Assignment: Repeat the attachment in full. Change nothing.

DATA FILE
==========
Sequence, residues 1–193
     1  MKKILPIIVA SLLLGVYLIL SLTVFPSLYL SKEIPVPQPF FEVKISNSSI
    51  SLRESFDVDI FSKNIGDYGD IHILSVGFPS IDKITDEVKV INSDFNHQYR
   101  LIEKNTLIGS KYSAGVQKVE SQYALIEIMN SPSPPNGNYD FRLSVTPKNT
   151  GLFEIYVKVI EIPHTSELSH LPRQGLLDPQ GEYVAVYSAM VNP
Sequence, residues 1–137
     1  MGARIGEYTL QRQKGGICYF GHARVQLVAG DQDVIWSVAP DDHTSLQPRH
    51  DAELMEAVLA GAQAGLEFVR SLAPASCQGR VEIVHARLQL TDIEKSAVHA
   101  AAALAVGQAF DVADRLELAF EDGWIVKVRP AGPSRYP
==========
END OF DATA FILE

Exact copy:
Sequence, residues 1–193
     1  MKKILPIIVA SLLLGVYLIL SLTVFPSLYL SKEIPVPQPF FEVKISNSSI
    51  SLRESFDVDI FSKNIGDYGD IHILSVGFPS IDKITDEVKV INSDFNHQYR
   101  LIEKNTLIGS KYSAGVQKVE SQYALIEIMN SPSPPNGNYD FRLSVTPKNT
   151  GLFEIYVKVI EIPHTSELSH LPRQGLLDPQ GEYVAVYSAM VNP
Sequence, residues 1–137
     1  MGARIGEYTL QRQKGGICYF GHARVQLVAG DQDVIWSVAP DDHTSLQPRH
    51  DAELMEAVLA GAQAGLEFVR SLAPASCQGR VEIVHARLQL TDIEKSAVHA
   101  AAALAVGQAF DVADRLELAF EDGWIVKVRP AGPSRYP